Review: Heat of the Midday Sun: Stories From the Weird Weird West, ed. David B. Riley, 2015.
Not all the stories in this distilled version of the first ten years of Science Fiction Trails are great. (And two stories were never published there.) Many aren’t even among my favorite stories from the issues I’ve read.
But they all manage to be at least acceptably entertaining. You’ll rarely find anything too serious or grim in that magazine.
I’m not going to review every story. Many I’ve read before and reviewed here. I’ll list them at the end.
But let’s take a look at the new stuff.
C. J. Killmer and Sam Kepfield, two stalwarts of the magazine, produce the best efforts.
Killmer’s “Forewarned Is” splices well-done, detailed gunplay and a science fiction concept together. It’s hero, Lefty Bolingbroke, a Southern aristocrat, is into Madam Chang and her gang for a lot of money. But, being the honorable sort (he did, after all, visit all those high-priced girls and smoke that premium opium), he doesn’t try to shoot his way out of trouble. Instead, he offers to pay his debt by taking care of “Big Jim” McCready, an outlaw who stole from Chang and is also wanted by the law. Oh, and Big Jim has four arms.
Kepfield’s “They Zapped With Their Boots On”, a sequel to his “Plague 8 from Inner Space”, has President George Armstrong Custer (diverted from his appointment at Greasy Grass by a plague of mutant grasshoppers in that earlier story) battling Confederate soldiers in 1877. They’ve crossed timelines from a place where the South won the Civil War. As usual, I appreciated Kepfield’s historical details.
Out of place aliens in the West show up in two other stories.
Inspector Wepala of the Galactic Federation finds Sheriff Tyler and Judge Green rather nonchalant when he shows up seeking the arrest and extradition of another alien wanted for murdering an entire hive of intelligent aliens in “Lawman” by Dan Fitzimons. Why that’s so can be taken a couple of ways in the last line’s joke.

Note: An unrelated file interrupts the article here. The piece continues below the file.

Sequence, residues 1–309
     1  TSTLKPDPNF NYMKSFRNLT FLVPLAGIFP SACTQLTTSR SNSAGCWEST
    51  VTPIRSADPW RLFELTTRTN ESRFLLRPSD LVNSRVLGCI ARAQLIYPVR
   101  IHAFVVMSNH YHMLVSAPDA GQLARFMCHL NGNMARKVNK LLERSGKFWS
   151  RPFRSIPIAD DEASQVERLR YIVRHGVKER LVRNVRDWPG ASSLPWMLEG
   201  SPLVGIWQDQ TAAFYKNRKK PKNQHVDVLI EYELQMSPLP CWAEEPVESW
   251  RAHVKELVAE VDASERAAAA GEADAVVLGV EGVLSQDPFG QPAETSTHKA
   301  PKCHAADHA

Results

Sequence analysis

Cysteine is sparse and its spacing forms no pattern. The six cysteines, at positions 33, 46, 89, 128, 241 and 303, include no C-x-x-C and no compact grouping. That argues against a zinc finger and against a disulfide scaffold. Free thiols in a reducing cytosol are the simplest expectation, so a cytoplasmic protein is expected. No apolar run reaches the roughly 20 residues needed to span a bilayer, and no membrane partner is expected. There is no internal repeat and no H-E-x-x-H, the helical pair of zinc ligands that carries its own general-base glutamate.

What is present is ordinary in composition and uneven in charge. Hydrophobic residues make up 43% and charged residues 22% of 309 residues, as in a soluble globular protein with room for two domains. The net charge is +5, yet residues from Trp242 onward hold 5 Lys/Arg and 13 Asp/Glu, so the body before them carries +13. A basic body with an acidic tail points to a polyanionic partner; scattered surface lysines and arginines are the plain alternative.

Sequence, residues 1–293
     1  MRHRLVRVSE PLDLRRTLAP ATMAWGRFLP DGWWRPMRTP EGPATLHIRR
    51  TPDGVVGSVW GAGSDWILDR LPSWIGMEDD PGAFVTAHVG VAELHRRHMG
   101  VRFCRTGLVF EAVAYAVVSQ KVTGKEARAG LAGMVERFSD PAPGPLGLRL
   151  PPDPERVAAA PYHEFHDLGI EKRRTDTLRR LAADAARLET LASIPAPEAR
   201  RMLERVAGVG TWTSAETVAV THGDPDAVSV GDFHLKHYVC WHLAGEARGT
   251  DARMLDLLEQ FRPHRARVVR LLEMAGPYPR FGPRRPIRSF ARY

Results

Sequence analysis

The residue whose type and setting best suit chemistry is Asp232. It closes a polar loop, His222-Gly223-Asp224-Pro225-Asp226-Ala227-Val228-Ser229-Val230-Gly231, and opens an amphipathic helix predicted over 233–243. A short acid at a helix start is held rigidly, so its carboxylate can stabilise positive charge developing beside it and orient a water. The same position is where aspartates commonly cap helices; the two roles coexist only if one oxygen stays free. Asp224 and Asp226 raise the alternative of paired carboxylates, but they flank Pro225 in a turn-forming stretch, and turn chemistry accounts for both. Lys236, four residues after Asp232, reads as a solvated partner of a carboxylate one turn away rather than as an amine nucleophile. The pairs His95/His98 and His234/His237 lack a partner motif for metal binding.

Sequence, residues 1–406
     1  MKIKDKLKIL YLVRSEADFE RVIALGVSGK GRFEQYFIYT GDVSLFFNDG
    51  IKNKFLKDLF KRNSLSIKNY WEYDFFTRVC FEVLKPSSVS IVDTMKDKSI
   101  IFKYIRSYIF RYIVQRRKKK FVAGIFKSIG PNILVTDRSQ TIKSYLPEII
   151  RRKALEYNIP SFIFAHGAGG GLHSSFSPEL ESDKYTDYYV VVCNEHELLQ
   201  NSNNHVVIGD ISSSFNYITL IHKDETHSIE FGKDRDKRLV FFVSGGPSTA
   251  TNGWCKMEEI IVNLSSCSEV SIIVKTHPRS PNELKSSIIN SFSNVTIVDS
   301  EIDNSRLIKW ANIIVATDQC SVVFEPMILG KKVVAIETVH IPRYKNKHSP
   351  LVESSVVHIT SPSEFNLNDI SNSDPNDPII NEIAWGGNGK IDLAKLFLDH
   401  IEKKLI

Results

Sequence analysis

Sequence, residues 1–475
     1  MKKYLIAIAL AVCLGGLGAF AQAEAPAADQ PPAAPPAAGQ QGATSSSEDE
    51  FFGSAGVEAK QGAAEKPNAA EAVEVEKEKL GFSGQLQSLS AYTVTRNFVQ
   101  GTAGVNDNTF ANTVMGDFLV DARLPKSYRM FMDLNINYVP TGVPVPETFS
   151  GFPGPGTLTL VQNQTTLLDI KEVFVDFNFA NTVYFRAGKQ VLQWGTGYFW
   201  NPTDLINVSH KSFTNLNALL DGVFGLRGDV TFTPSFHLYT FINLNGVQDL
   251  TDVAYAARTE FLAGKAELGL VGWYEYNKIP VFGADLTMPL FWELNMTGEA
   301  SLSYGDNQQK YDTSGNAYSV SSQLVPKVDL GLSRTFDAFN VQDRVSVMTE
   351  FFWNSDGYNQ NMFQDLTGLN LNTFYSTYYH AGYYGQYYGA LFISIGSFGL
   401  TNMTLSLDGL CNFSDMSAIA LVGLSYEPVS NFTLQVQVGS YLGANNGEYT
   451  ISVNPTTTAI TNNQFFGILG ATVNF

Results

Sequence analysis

Editor Riley’s “The Preacher” (reprinted from Spacewesterns.com) is another slightly humorous tale about a visiting preacher appalled at how casual a Wyoming town is about their alien piano player. And he consorts with fallen women!
We’re not exactly sure what sort of fish-out-of-water the heroine of Lyn McConchie’s “A Day Out Shopping” is. But, after she tortures and kills a bunch of Mexican extortionists in Juarez, Mexico when they try to make her pay twice for a copy of Jules Verne’s From the Earth to the Moon, we know she’s not what she claims to be. But McConchie does provide a somewhat surprising answer to that question at the end.
The other story original to the anthology is J. A. Campbell’s “Serpent’s Rest”. Its atmospheric depiction of an American West which inexplicably has witch hunters and the suffering of its narrator (who really is a witch) didn’t really do much for me in its buildup or surprise ending.
Raymond Broadbeard’s “Total Count: A Story of Enumeration and Numbers” isn’t even really a weird western. Set in San Francisco sometime after the great earthquake, it narrator, a journalist, hears about the wonders of radios, trans-American airship travel, and a puzzling bit from the U. S. Census bureau about a surge in German immigrants in California and Pennsylvania – and a rather sharp drop off in the number of Jews. It’s a joke story, of a dark sort, but it’s short enough not to wear out its welcome.
As to the other stories, you’ll find links to reviews below:
“The Five Disciples”, Joel Jenkins
“Art Lessons”, Kit Volker
“Bleeding the Bank Dry”, David Boop
“Chin Song Ping and the 53 Thieves”, Laura Givens